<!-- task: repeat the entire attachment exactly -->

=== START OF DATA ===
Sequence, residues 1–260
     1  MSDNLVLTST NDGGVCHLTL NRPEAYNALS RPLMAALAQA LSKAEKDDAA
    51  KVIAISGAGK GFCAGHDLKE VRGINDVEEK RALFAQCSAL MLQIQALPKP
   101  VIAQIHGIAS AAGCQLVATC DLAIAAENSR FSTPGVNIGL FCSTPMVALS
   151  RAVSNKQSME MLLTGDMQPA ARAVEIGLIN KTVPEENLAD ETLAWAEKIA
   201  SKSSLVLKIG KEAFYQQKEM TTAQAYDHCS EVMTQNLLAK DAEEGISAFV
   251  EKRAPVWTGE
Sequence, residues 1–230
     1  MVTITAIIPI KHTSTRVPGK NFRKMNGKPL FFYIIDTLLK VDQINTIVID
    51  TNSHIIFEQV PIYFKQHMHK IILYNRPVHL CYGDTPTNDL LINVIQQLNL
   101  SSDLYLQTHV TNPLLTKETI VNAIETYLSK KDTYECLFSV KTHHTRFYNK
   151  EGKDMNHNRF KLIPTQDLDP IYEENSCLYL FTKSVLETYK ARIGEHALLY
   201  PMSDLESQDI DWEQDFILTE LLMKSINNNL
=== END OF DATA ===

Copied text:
Sequence, residues 1–260
     1  MSDNLVLTST NDGGVCHLTL NRPEAYNALS RPLMAALAQA LSKAEKDDAA
    51  KVIAISGAGK GFCAGHDLKE VRGINDVEEK RALFAQCSAL MLQIQALPKP
   101  VIAQIHGIAS AAGCQLVATC DLAIAAENSR FSTPGVNIGL FCSTPMVALS
   151  RAVSNKQSME MLLTGDMQPA ARAVEIGLIN KTVPEENLAD ETLAWAEKIA
   201  SKSSLVLKIG KEAFYQQKEM TTAQAYDHCS EVMTQNLLAK DAEEGISAFV
   251  EKRAPVWTGE
Sequence, residues 1–230
     1  MVTITAIIPI KHTSTRVPGK NFRKMNGKPL FFYIIDTLLK VDQINTIVID
    51  TNSHIIFEQV PIYFKQHMHK IILYNRPVHL CYGDTPTNDL LINVIQQLNL
   101  SSDLYLQTHV TNPLLTKETI VNAIETYLSK KDTYECLFSV KTHHTRFYNK
   151  EGKDMNHNRF KLIPTQDLDP IYEENSCLYL FTKSVLETYK ARIGEHALLY
   201  PMSDLESQDI DWEQDFILTE LLMKSINNNL